Ever Tried Truffle Oil? Know What It Is, Recipe and More

If you have a passion for food and enjoy trying out a variety of gourmet foods, you might have noticed that truffle oil flavouring or dressing is being used in a number of pizzas, salads, and other dishes that are currently being served in restaurants all over the world. But what exactly is Truffle oil made from? Truffles are a type of mushroom that is extremely rare and expensive, characterised by a pungent scent and a flavour that is intensely savoury and rich in umami. Truffle oil is a beautiful finishing oil that is used to give foods an expensive and gourmet feel. By adding small pieces of truffle to high-quality oils, truffle oil can be created. 

It is difficult to cultivate truffles, and it is even more difficult to detect wild truffles. Pigs or truffle hounds are commonly used to sniff truffles because of the difficulty in finding them. This makes them extremely uncommon and expensive; therefore, if you are fortunate enough to acquire them, it is quite likely that you will only be able to acquire a tiny quantity of them. Infusing a high-quality oil with a small bit of truffle is an excellent way to ration out that valuable flavour, drop by drop. The fact that truffles have such a powerful flavour means that you only need a small amount to transform an average dish into a gourmet one. 

Because this seasonal delicacy requires careful storage to provide year-round enjoyment, preserved truffles have a rich history. Since the 1980s, synthetic truffle oil has been manufactured. 

In general, truffles can be classified into two categories: white truffles, which are typically found in Italy, and black truffles, which are typically found in France. White truffles are more common in Italy. Truffle oil can be made with either of these two ingredients, but both the oils are notably distinct. 

White truffle oil can be used for light dishes like pasta, risotto or soups. The delicate flavours with sulphurous notes like garlic or onion, and a meaty, mushroom-like taste add a umami touch to the dishes.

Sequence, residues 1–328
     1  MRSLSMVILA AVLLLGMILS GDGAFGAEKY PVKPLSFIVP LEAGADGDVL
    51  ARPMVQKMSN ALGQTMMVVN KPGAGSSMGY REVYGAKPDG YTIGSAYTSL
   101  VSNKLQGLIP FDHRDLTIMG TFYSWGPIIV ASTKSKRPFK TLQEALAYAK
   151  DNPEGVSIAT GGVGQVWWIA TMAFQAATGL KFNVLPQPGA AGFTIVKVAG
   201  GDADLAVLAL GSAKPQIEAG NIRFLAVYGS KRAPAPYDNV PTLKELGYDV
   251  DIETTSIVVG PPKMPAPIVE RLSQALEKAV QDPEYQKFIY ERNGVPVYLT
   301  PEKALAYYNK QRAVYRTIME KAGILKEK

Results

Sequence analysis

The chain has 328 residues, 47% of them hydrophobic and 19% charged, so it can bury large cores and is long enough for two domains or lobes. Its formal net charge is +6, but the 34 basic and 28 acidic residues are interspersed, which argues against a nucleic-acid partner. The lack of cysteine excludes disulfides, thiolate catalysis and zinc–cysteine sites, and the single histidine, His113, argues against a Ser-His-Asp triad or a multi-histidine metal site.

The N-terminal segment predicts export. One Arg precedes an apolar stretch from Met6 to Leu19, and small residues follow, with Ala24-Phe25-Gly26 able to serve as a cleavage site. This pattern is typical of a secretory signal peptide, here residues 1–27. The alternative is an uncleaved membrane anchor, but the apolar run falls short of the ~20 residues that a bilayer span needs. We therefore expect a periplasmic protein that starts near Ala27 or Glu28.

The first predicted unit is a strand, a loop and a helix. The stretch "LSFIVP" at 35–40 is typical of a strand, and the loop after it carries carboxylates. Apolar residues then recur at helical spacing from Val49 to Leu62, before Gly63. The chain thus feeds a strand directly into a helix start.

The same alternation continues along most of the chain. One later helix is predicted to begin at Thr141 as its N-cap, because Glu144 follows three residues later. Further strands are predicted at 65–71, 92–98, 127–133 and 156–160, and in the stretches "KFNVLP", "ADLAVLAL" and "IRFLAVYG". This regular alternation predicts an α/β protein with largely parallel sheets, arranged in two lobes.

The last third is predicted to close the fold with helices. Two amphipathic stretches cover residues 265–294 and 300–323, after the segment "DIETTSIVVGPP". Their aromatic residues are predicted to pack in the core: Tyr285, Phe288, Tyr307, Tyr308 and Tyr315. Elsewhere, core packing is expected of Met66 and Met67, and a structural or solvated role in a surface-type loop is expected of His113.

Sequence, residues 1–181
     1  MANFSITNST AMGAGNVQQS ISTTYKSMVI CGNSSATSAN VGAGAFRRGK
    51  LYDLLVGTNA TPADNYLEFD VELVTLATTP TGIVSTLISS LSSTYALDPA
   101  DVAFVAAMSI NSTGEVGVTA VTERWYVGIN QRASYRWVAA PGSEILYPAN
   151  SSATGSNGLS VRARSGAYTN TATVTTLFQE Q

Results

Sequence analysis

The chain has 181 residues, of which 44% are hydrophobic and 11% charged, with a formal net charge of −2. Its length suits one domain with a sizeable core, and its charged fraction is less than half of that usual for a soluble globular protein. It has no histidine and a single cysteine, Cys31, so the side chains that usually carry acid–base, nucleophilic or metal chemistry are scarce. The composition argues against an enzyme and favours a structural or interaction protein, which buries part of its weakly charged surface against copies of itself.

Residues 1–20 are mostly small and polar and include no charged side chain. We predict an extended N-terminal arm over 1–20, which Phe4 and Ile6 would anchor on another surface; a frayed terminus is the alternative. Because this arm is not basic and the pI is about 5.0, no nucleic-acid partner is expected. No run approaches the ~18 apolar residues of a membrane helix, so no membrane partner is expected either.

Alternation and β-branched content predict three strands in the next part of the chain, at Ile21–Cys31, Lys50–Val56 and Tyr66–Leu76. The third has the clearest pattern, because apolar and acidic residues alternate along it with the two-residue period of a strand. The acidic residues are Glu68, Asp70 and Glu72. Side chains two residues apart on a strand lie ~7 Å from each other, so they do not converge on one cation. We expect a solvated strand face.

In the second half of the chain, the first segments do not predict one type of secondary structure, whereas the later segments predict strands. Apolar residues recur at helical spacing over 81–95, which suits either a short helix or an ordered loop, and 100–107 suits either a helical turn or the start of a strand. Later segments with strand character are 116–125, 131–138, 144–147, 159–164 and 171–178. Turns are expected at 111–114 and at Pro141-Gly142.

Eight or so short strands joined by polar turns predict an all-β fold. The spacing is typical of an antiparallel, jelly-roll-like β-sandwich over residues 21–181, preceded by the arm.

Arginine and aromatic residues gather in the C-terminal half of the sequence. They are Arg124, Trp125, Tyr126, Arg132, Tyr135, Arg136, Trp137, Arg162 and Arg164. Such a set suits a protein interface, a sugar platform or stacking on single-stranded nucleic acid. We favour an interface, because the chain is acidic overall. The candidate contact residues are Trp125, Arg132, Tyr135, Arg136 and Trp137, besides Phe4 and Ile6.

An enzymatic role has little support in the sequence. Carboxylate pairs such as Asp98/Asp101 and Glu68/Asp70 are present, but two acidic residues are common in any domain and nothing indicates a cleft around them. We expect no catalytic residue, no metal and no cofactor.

While Black truffle is best to use for dishes like roast meats, fries or mac and cheese. The strong, earthy flavour, with chocolate notes, and a pungency similar to cabbage or other cruciferous vegetables adds a very subtle aftertaste to the dishes that make every dish stand out on its own.  

How to make truffle oil at home 

Creating your own truffle oil at home ensures authenticity and allows the rich aroma of truffles to shine through. While sourcing truffles may pose a challenge, the process itself is remarkably simple. 

Begin by selecting your preferred oil; while olive oil is popular, neutral options like canola or grapeseed oil can enhance the truffle's flavour. Any high-quality oil complements the luxurious essence of truffles. 

Warm half a cup of oil over low heat on the stove, ensuring the temperature stays below 130°F to preserve the truffle's natural flavours. Once warmed, remove from heat and add 1 or 2 tablespoons of freshly shaved truffle, allowing it to infuse as the oil cools to room temperature. 

For optimal taste, use your truffle oil quickly. Its shelf life is short, lasting only 2 or 3 days at most, so prepare small batches as needed. With this simple method, you can savour the decadent essence of truffles in your homemade oil.